In other areas, women participate in family fishing operations by unloading, sorting, gutting, net mending, processing, distributing and marketing that generally is classified as unpaid family labour. Women also are involved increasingly in aquaculture where they participate in every aspect of fish farming (Yahaya).


The Malaysian environment is impacted by fertilisers, land erosion and pesticides. Large amounts of fertiliser are imported and applied each year, most of it is of non-organic origin, thus contributing to environmental pollution (Wai).

Erosion is of greatest concern during planting or replanting periods in plantations. Soil loss from non-tree crops is greater than from tree crops. An accumulation of silt in the streams has shortened the lifespan of at least one hydroelectric power generator. The removal of trees also has resulted in increased temperatures by one to two degrees in the surrounding areas (Wai).

Although integrated pest management (IPM) has been adopted as a strategy in a number of areas, use of pesticides has brought serious health concerns in rural regions. In one study, 51-71 percent of the farmers in two granary areas experienced symptoms associated with pesticide poisoning. Women in the plantation sector generally are assigned the task of spraying pesticides, thus facing the risk of greater exposure. One study over a two-year period reported pesticide residue in the breast milk taken from 31 women in the town of Ranau in Sabah. The effects of residual pesticides on food crops have been reported frequently (Wai).

Fact Sheet Malaysia: Rural Women in the Malaysian Economy


A number of factors have affected rural production in the past decade. Migration of men from rural to urban areas brought greater dependence on rural women for farm production. However, the migration was significant enough to cause labour shortages on the estates as well as in the small holdings. In 1994, 30 percent of the rubber trees in the country were untapped because of the shortage of workers (Wai).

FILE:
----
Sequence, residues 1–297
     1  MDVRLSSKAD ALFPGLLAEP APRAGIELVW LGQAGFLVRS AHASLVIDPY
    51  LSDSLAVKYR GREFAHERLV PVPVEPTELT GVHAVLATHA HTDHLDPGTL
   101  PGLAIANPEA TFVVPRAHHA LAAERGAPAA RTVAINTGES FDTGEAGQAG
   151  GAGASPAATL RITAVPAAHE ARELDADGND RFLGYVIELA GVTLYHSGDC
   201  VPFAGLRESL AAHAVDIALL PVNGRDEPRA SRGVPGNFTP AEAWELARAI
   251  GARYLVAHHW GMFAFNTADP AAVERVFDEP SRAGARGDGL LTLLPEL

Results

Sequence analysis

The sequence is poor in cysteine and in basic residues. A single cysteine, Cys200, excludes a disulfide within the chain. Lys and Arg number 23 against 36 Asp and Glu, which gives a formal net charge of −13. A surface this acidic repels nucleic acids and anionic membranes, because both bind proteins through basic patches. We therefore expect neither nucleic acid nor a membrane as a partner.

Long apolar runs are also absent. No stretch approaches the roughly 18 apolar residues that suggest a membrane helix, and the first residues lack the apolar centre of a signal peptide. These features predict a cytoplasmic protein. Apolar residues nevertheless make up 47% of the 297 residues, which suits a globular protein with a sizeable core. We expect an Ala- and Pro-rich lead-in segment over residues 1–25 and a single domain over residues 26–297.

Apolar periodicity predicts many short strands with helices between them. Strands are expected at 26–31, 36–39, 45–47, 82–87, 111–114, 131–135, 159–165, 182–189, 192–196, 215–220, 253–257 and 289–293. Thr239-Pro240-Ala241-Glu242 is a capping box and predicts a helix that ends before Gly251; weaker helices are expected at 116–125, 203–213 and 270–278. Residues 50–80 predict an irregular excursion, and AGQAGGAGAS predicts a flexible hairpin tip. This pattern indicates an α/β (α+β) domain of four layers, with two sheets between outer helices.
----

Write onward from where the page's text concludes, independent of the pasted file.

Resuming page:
The influx of large numbers of migrant workers brought competition with women for work on the plantations. Mechanisation in irrigated rice cultivation has displaced women’s labour. The cumulative loss of women’s work also has meant loss of income, though microcredit programmes have enabled some women to venture into small-scale food processing, crafts and retailing (Masud and Paim).

Government policies that encourage a shift of production to fruits and vegetables can provide more work opportunities to women. The negative consequence is that pesticides that are used heavily in cultivation of fruits and vegetables can have detrimental effects on women’s health.

The traditional household structure reinforces the double burden of labour on women. One study found that women and men work equally in performing the farm work. Women worked an average of 4.8 hours per day while men worked 4.6 hours per day. However, women also worked an average of 8.9 hours per day doing housework, work that men did not do (Wai). Although the proportion of rural women in unpaid family work declined, the actual number of women in this category more than doubled from 1995 to 2001 (Masud and Paim).

Rural poverty has decreased in the past ten years, but large numbers still are affected. In 1999, 264 300 rural households (12.4 percent) lived in poverty. Of these, 50 600 households (2.4 percent) suffered hard core poverty (Wai).


Malaysia is a low vulnerable country in terms of food security. There is adequate food production, stability in food supplies and physical and economic access to food by the vulnerable sections of the population. The challenge is to be self-sufficient in most food requirements as well as to reduce dependence on food imports. Malaysia’s self-sufficiency programme focuses on rice (Salahuddin; Arshad and Shamsudin).

Rice provides about one-third of daily calorie intake and is the primary source of carbohydrates. It is the most important source of employment for rural people. Rice accounts for 86 percent of Malaysia’s food grain production. Although Malaysia is 100 percent self-sufficient in such items, as pork, poultry and eggs, rice constitutes 10 percent of its food imports.

Per capita rice consumption in Malaysia has declined from 110 kg per capita in 1980 to 95 kg per capita in 1996, thus reflecting an economy with sufficient per capita income to broaden the variety of items for its food consumption. Malaysia’s economy has developed sufficiently to permit imports of food. The National Agriculture Policy now defines the self-sufficiency target as 65 percent of the domestic need for rice. Malaysia’s dependence on the international market for rice, however, makes it vulnerable to market fluctuations and to adverse weather conditions in supplier nations that could affect availability of rice for Malaysia.


To recognise gender differences within households in the context of agriculture and rural production, policy-makers and planners in Malaysia need to:


Agricultural and rural development programmes in Malaysia need to address rural women’s and men’s priorities in the following areas: